A similar thing has happened in races for the US Senate. In California, Republican Tom Campbell, a former state legislator and member of Congress, came out in support of redefining marriage. Social conservatives funded TV ads against him, and he lost a competitive GOP US Senate primary as a result. The same thing happened in New Hampshire, when NOM funded an ad campaign against wealthy businessman Bill Binnie, who thought gay “marriage” was his ticket to the US Senate. Binnie was defeated. This past cycle, Monica Wehby was the Republican nominee for US Senate in Oregon and promptly aired a TV commercial announcing her support for redefining marriage. Conservatives responded by openly opposing her, and Wehby was trounced.
Meanwhile, US Senate candidates in competitive races who stood firm in their support for marriage—often against the wishes of corporate interests and the consulting class—were rewarded. Tom Cotton in Arkansas and Thom Tillis in North Carolina both benefited from independent expenditure campaigns from groups like NOM in winning their elections.
Lest you conclude that this is a battle between social conservative money and corporate money, it’s not primarily the money that matters. Social conservatives are always outspent by the corporate interests, and often badly. What matters is the support of the voters. Once they are alerted to where the candidates stand, they respond. A modest degree of spending by social conservatives produces an outsized response because voters deeply care about the issue.
It’s not only partisan candidates who have seen this effect. In Iowa, three sitting members of the state supreme court, including its chief justice, were removed from the bench by voters furious with their ruling imposing gay “marriage” in that state. An aggressive campaign opposing their judicial retention was mounted by social conservatives to alert voters to their judicial misdeeds.
It should be acknowledged that these races often involve more than the marriage issue. There is usually a range of issues at play in any contested race, whether for the state legislature or Congress. But unquestionably, marriage was a critical issue in all of these contests. Marriage was the issue that drove conservatives to oppose and ultimately defeat incumbents like Anne Zerr in Missouri.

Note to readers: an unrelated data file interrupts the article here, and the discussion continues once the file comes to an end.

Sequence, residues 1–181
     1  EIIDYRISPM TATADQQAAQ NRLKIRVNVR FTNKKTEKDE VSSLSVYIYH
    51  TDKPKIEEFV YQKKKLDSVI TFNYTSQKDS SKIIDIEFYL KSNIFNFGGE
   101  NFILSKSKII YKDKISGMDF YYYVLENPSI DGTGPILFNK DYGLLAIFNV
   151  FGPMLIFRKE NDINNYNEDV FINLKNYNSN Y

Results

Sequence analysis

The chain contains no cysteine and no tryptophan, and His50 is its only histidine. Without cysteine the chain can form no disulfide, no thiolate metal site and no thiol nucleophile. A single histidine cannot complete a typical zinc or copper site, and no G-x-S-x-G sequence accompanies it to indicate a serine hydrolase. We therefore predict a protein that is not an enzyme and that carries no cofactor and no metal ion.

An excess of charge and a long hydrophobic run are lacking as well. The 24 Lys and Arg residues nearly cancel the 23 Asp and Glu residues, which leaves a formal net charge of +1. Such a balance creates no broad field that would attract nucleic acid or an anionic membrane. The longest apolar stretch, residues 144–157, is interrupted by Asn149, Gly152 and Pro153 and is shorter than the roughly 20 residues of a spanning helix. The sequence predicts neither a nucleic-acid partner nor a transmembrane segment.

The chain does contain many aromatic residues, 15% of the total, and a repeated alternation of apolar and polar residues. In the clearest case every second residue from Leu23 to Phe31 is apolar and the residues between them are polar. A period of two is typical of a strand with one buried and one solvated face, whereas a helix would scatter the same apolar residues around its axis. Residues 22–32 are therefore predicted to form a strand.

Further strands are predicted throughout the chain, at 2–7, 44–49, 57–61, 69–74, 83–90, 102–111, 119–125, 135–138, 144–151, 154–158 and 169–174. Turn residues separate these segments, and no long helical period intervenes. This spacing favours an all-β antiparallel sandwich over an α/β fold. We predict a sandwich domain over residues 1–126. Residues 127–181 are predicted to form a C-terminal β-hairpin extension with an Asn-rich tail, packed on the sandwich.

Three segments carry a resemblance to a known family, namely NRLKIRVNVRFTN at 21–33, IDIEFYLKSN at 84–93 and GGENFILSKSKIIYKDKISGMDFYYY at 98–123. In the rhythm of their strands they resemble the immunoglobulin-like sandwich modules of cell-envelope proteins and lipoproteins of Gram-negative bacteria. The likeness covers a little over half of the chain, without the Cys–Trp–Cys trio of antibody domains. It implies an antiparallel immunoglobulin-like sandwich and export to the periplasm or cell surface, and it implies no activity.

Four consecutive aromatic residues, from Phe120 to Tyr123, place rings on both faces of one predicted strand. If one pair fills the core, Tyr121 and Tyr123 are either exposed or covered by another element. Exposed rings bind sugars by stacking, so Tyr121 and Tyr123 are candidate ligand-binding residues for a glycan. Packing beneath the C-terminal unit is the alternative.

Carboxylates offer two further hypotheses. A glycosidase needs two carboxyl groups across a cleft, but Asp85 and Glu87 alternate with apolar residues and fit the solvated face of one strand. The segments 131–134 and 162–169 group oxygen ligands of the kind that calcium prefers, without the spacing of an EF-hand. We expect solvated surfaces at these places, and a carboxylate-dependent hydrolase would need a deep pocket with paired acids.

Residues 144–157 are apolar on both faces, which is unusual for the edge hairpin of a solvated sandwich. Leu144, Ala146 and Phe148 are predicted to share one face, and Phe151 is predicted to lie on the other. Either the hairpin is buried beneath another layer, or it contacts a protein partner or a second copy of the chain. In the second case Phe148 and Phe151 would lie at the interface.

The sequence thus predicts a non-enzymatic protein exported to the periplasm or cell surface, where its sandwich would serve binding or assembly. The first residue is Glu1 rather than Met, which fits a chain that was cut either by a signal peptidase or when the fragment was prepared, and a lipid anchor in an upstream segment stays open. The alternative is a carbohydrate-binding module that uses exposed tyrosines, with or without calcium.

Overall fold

Finally, it is also important to note the importance that support for marriage played most recently in the GOP when grassroots Republican activists made their views clear in crafting the national Republican Party platform last month in Cleveland. Despite an organized and well-funded campaign by Wall Street billionaires and corporate lobbyists to “modernize” the party’s official position on marriage, convention delegates utterly rejected the notion.
The 2016 GOP platform is the most pro-traditional marriage platform ever adopted. It specifically calls for reversing the Obergefell ruling redefining marriage. It explicitly condemns as the product of activist judges the rulings on marriage in both Obergefell and the Windsor case that overturned the federal Defense of Marriage Act, and it calls for the appointment of Supreme Court justices who will reject their reasoning. It endorses the First Amendment Defense Act to protect supporters of marriage from governmental persecution. And it calls for a constitutional amendment to return to the states their right to define marriage solely as the union of one man and one woman.
Never fans of social issues to begin with, it’s a safe bet that the consulting class, corporate lobbyists, and wealthy donors will ignore the mountain of evidence all around them that rank and file Republican activists and voters revere marriage and will act to defend it. But Republican candidates should come to understand that succumbing to the pleadings of the elite echo chamber can come at a very high price: their very political careers.
Frank Schubert is president of Mission: Public Affairs and is the political director for the National Organization for Marriage (NOM). This article was originally published on The Public Discourse. View the original article.